Many robots currently working in the plant floor often come in the form of giant arms swinging around or vehicles driving around like cars. They don’t look like C-3PO from Star Wars or even some of the more human-like robots seen in movies such as the Will Smith movie I, Robot in 2004.

Jeff Cardenas, CEO of Apptronik, talked about “Humanoid Robotics: The Convergence of General-Purpose Robots and AI" at the A3 Business Forum in Orlando.

Jeff Cardenas, CEO of Apptronik, talked about “Humanoid Robotics: The Convergence of General-Purpose Robots and AI” at the A3 Business Forum in Orlando. Courtesy: Chris Vavra, CFE Media and Technology

One company is looking to change that with a humanoid robot called Apollo. Jeff Cardenas, CEO of Apptronik, believes the day of robots that look and move like people is much closer than people realize.

“We make robots for humans. We build versatile robots to do work in the real world,” he said in his presentation “Humanoid Robotics: The Convergence of General-Purpose Robots and AI.”

While many robots in the plant floor are designed to do certain things very well, that’s a limiting on what they could do, which is what Apptronik is trying to achieve.

“We want to create one robot to do thousands of different things. We think humanoid could be the form factor to deliver on that vision,” he said.

Apptronik has been at work on this for two decades and the process has been a matter of trial and error and has come in different forms. Cardenas said they’ve worked on building up the technology such as actuators, real-time controllers and improving computation speed and enhancing its processing capabilities. All of these advances are striving to help create a robot that can move and interact with an environment like a human would and work in a collaborative way.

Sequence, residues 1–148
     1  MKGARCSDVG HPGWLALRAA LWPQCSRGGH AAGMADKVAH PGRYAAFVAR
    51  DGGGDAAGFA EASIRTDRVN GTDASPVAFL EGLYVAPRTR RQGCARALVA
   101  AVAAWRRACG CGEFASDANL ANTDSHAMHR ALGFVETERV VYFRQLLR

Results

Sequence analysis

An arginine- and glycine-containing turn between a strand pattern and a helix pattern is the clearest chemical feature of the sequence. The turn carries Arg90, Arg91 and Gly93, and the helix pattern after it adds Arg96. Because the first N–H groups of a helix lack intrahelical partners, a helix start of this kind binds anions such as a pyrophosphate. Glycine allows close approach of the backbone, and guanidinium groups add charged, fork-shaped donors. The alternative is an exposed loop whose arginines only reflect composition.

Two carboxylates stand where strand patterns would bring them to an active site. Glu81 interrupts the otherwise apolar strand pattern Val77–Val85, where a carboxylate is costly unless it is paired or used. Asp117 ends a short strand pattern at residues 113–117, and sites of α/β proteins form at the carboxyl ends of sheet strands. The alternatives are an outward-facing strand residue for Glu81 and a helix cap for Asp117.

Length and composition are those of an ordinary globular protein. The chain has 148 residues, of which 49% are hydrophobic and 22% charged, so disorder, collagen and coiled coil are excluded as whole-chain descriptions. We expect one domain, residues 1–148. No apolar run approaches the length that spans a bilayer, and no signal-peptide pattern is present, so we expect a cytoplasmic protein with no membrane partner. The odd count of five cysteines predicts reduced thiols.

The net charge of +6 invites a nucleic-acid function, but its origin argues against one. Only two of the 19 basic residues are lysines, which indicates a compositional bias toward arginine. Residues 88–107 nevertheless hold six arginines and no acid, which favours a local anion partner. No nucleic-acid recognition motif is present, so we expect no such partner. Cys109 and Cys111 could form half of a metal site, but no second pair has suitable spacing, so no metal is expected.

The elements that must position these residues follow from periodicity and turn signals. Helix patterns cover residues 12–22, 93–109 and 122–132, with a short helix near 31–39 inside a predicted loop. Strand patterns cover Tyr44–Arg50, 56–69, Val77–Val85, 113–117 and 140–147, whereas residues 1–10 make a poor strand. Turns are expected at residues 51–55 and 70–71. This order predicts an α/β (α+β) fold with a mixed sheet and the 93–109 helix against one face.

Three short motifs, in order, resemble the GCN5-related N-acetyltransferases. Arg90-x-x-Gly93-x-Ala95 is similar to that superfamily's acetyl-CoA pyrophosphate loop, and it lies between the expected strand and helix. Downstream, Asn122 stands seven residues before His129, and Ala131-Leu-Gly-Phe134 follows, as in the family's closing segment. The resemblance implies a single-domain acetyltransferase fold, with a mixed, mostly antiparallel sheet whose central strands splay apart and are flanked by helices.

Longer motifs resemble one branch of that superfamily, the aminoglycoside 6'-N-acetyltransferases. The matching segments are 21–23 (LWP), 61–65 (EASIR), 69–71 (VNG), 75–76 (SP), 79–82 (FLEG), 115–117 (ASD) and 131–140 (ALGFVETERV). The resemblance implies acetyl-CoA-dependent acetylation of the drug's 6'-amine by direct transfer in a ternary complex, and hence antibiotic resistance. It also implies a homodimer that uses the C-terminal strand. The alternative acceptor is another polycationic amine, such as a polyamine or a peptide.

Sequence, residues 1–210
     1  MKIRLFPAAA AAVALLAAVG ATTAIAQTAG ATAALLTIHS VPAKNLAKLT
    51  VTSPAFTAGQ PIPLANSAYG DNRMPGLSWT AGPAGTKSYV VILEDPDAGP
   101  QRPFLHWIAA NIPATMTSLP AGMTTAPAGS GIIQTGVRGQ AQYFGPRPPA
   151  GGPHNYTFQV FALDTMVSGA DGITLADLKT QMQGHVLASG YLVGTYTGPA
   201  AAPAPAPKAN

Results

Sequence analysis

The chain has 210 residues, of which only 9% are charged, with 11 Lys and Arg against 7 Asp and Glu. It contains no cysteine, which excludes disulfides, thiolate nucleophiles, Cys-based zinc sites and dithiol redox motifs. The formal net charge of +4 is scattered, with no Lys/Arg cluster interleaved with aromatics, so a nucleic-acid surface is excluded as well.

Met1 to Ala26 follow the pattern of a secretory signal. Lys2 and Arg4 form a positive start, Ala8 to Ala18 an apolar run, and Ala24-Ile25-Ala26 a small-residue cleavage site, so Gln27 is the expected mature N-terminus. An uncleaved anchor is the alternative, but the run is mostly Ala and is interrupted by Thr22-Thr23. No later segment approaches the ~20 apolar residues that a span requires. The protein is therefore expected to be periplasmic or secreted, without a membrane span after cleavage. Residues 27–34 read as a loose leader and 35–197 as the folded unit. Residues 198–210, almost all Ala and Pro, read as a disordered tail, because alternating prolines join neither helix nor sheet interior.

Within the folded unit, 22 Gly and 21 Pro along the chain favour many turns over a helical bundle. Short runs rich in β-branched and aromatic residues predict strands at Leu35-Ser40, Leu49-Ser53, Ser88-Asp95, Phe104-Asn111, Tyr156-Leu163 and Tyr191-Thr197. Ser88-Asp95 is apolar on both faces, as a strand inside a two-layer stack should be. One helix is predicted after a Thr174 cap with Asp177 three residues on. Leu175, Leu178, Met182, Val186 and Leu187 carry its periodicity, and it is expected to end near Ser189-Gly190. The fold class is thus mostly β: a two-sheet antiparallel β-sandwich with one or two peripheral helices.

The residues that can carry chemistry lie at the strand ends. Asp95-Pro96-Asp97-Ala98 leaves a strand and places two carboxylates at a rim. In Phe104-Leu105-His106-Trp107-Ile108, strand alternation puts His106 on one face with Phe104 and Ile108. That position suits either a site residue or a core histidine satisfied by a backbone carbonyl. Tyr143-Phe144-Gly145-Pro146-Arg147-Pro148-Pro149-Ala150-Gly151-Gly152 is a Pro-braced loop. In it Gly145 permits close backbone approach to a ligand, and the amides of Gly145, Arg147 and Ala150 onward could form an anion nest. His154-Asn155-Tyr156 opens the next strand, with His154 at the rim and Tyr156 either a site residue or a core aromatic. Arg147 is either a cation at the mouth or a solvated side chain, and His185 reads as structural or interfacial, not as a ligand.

“They have to work successfully and people have to trust them,” Cardenas said.

Artificial intelligence (AI) advances also have helped with some of this, but it’s matter of putting the pieces together to create Apollo, which is the eighth iteration going all the way back to their Valkyrie model in 2013, Cardenas said.

Apollo is designed to do any physical job and is built and designed to look like an average human, listing at 5’8 and weighing 160 lbs. Its battery has a runtime of 4 hours and has a payload of 55 lbs.

Apptronik's Apollo robot is the eighth iteration of their project to make a humanoid robot and is dependent on actuator development, real-time controllers and strong computing power and coordination. Courtesy: Chris Vavra, CFE Media and Technology

Apptronik’s Apollo robot is the eighth iteration of their project to make a humanoid robot and is dependent on actuator development, real-time controllers and strong computing power and coordination. Courtesy: Chris Vavra, CFE Media and Technology

“There’s a massive need for jobs and the technology is ready,” Cardenas said. “It’s cheap enough and good enough to where it’s financially viable at the price points we need.”

Might not be C-3PO yet, but Apollo could be a step toward that direction. Hopefully, though, it doesn’t have the fussy and eccentric behavior Threepio did.

Chris Vavra, web content manager, CFE Media and Technology, cvavra@cfemedia.com.


Author Bio: Chris Vavra is web content manager for CFE Media and Technology.